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Dragon type hybrids?


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I'm questioning being dragonkin, but know close to nothing about dragons. I've been researching them, the mythology surrounding them and their anatomy for a little bit over a month now, and it doesn't seem like I fit either category of a western or an eastern variation of the dragon. I know there are more dragon-related mythological species like wyverns, feydragons, wyrms, hydras and so on, but I don't fit them either. I was thinking that maybe I could be a hybrid of a few of them, but since there is no concrete proof of dragons ever existing, would it be possible? And if it is, would it make me fictionkin?

arctic fox / australian shepherd / eurasian lynx

questioning gray wolf / dragon

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Dragon has no set definition, any mythical beast could be called one. There are just traits seen typical like having wings or looking reptilian.

Please call me Ness, my partner is the only person allowed to call me Nessie.

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There are specific ideas of a dragons that most people recognize depending on the region and I like to go by those, but you're right.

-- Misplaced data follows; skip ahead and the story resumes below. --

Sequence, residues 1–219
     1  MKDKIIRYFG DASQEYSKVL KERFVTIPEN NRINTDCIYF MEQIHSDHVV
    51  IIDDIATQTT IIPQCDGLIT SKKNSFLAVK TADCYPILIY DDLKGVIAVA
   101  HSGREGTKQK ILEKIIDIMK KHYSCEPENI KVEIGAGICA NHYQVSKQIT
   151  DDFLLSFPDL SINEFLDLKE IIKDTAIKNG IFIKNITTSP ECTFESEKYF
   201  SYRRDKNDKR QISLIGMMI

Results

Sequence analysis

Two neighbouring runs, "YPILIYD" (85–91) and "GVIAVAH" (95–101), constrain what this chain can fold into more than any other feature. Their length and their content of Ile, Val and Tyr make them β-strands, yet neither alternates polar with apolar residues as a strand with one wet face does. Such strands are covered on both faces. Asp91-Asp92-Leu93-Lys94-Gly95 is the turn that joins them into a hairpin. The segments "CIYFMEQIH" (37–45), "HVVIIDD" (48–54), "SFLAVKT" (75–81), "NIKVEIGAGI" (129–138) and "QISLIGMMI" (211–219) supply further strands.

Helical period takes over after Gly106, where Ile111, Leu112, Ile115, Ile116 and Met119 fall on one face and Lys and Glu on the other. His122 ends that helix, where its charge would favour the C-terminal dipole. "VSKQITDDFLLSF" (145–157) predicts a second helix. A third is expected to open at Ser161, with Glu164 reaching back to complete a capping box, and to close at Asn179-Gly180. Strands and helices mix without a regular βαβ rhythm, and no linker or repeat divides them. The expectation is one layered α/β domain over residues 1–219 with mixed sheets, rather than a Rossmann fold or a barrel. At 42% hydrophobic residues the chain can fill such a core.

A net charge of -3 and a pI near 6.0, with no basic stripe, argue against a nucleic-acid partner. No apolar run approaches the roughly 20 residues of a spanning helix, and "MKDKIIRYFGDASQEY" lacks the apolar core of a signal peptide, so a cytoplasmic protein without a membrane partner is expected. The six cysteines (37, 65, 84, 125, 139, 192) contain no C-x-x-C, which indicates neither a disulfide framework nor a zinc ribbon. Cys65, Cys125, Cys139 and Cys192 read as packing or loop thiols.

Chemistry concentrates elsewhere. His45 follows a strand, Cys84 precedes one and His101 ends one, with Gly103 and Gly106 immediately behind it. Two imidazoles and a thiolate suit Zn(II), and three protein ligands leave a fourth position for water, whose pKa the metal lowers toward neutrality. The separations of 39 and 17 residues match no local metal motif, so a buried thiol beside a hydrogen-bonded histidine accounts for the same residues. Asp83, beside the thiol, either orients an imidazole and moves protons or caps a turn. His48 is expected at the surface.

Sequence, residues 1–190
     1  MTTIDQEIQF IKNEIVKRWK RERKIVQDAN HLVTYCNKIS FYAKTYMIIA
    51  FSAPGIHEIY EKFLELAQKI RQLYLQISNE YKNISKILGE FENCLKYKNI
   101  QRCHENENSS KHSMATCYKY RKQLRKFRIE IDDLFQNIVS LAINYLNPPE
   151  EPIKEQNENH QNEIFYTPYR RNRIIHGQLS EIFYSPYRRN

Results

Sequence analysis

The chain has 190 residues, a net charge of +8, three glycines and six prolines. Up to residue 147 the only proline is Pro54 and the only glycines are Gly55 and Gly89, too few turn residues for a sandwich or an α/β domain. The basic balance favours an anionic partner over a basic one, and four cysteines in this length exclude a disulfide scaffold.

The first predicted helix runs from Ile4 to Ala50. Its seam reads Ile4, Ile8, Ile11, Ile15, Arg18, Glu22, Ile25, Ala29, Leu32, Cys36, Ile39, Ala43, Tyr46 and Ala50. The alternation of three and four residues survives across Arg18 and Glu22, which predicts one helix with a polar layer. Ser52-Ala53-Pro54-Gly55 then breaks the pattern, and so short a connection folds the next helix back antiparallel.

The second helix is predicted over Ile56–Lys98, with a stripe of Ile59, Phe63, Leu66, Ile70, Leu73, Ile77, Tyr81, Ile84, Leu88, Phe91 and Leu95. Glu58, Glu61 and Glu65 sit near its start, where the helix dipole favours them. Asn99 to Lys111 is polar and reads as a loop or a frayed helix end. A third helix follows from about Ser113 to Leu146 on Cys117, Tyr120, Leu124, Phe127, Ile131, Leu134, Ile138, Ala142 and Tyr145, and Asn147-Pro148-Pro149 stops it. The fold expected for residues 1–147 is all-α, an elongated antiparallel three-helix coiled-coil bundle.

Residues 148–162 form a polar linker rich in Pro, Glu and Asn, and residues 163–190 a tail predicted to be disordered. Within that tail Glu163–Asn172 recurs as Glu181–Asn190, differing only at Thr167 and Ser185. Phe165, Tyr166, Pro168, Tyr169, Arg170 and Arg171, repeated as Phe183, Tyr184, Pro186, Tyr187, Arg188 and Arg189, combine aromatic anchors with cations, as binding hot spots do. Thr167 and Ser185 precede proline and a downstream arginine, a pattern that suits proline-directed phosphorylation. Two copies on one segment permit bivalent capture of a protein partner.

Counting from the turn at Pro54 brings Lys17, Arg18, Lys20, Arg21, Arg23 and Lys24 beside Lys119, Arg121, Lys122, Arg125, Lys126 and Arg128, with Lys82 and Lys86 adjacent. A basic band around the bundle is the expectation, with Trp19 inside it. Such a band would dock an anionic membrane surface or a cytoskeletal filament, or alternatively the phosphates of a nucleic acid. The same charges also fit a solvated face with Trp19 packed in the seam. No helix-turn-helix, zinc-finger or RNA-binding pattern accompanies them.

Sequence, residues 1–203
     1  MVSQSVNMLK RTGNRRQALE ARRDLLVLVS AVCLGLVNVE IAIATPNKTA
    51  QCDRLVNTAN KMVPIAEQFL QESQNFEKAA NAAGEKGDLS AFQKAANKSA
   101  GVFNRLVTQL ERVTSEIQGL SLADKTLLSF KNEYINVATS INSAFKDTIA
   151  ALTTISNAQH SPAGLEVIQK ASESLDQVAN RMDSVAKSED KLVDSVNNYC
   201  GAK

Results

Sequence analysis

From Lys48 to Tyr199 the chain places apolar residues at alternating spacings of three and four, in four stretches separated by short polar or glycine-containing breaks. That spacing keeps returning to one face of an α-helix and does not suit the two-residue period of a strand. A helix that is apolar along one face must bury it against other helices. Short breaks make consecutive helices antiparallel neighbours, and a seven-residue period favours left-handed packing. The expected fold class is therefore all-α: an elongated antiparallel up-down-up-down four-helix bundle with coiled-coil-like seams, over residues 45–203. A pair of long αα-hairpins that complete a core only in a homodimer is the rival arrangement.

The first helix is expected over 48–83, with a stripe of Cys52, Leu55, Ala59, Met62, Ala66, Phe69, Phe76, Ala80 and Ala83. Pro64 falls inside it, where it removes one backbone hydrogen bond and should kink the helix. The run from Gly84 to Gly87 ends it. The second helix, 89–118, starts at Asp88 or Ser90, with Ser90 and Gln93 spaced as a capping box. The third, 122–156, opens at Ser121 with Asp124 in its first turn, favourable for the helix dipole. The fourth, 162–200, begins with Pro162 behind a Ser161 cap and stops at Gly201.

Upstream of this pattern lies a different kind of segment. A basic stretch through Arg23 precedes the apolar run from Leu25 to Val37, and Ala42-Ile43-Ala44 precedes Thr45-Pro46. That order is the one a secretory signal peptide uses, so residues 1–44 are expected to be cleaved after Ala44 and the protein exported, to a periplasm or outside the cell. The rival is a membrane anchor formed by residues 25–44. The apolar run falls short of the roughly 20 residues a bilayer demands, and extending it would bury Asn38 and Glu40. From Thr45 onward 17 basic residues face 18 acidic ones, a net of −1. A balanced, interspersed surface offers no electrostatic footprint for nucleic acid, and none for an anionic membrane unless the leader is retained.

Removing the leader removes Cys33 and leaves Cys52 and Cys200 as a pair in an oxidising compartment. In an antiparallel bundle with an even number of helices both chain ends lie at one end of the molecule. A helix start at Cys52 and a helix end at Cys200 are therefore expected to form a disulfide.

arctic fox / australian shepherd / eurasian lynx

questioning gray wolf / dragon

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Start with who you are first, then find a name for it second. If no current name matches up, then keep looking or make your own name. Not every creature to have existed in the universe will have a wiki entry. Who says that your kind has ever had contact with Earth?

 

What do you look like? How do you behave? What does it feel like to be you? You are not making up a new species, at least you shouldn't be. You are simply describing yourself. If it matches a known species, then lucky you. If it doesn't, then that's not your fault.

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Red Tailed Hawk Therian / Polymorph / Spirit Being / Anthro Hawk / Deitykin

 

Shard of Heru AKA Horus

 

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The concept of a dragon is not bound to "eastern" and "western." There are many depictions of dragons that don't fit that criteria. And, keep in mind that you could be a dragon from fictional media. I'd look at the How To Train Your Dragon franchise to start, simply because of how many diverse species there are.

Within isolation comes self-discovery.

 

~Caracal therian (C. caracal caracal) | Sunny fictionkin (Omori) | Razorwhip fictherian (Dragons: Race To The Edge)~

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For me, dragon is not tied to a fixed concept like western or eastern, nor necessarily to a specific form. I think it depends on whether someone has lived as a dragon in "flesh and blood" or whether it is more astral in nature.